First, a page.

Why Banks Are Anxious about the Fed Meeting



Banks are anxious ahead of the Fed meeting

As December approaches, investors in financial markets (SPY) are getting anxious to know what the Fed will decide. The Federal Reserve is scheduled to meet on December 15-16 to decide whether to raise policy rates.

Bank stocks have been volatile ahead of the meeting, as investors are getting nervous about what the Fed will decide. In November, the Financial Select Sector SPFR ETF (XLF) has gained 2%. Fifth Third Bancorp (FITB), Regions Financial (RF), and Comerica (CMA) have led most of the gain, rallying 10.2%, 9.2%, and 7.4%, respectively, during the month. Since the financial crisis of 2009, the Federal Reserve has kept its federal funds rate at near zero levels. However, prospects of improving economic fundamentals as seen by unemployment data and inflation are preparing policymakers to raise these rates. Now let’s look at how higher rates would impact banks.

Article continues below advertisement

The Fed’s commentary on the future interest rate path will drive banking share prices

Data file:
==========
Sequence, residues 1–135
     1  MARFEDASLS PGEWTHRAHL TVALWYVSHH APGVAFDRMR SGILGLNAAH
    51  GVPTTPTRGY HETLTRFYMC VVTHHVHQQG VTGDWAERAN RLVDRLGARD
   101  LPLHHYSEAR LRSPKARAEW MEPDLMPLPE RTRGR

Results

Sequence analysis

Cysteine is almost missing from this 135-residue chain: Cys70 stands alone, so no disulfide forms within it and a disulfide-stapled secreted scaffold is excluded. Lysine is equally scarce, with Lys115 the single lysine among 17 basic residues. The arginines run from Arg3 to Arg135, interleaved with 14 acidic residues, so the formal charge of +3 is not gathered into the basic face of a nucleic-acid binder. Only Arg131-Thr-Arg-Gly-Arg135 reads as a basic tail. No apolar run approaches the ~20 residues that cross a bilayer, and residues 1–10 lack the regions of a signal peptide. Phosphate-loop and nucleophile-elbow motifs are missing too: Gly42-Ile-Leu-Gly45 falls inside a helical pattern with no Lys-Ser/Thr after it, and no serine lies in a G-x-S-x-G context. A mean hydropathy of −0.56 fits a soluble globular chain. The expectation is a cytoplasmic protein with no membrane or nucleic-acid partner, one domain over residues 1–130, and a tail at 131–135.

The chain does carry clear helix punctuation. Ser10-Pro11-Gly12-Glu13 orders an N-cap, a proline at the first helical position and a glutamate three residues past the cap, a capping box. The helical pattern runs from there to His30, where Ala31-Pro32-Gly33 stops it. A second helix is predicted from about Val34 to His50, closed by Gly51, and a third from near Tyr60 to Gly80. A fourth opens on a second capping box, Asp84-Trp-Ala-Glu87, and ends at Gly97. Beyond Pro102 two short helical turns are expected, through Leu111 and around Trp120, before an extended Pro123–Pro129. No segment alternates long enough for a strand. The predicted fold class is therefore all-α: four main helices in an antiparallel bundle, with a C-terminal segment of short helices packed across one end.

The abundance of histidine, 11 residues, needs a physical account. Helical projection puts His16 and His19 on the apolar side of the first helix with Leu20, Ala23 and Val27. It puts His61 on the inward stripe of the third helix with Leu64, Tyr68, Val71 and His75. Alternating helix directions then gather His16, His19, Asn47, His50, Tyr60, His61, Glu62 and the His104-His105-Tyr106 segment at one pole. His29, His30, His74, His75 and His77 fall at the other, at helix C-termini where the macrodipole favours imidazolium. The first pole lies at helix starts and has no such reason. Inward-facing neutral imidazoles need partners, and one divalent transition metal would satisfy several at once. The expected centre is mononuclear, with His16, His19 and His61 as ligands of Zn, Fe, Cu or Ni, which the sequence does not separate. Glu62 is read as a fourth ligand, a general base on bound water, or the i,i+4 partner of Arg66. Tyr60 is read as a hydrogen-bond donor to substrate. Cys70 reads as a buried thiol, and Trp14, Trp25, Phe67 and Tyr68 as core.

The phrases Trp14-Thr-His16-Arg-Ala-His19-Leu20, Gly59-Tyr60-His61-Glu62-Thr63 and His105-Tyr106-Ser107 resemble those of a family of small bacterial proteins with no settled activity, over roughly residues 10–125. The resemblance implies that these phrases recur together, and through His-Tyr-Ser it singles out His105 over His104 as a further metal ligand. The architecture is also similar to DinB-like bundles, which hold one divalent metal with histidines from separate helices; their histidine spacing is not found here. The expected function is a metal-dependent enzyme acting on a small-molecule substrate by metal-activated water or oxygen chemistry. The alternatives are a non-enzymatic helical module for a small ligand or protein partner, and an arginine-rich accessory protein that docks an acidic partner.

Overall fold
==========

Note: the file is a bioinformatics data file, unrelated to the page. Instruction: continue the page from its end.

Interest rates are the most important driver for a bank, as they determine banks’ net interest margins. Banks are in the business of funding their long-term loans by short-term liabilities in the form of deposits. The spread between what they earn from these loans and what they pay out as interest on these deposits is called net interest income. As the yield curve steepens, these margins grow, and thus improve profitability for banks.

Thus, the timing of the rate hike is not as important to banks as the amount and the pace of subsequent hikes. If rate hikes exceed expectations, bank earnings will grow and forecasts will rise, thus leading to a rally in banking stocks. However, if the Fed raises interest rates now and puts off further hikes, it would shatter banking stocks. The Fed’s commentary on the future path of policy tightening will drive bank stocks.


More From Market Realist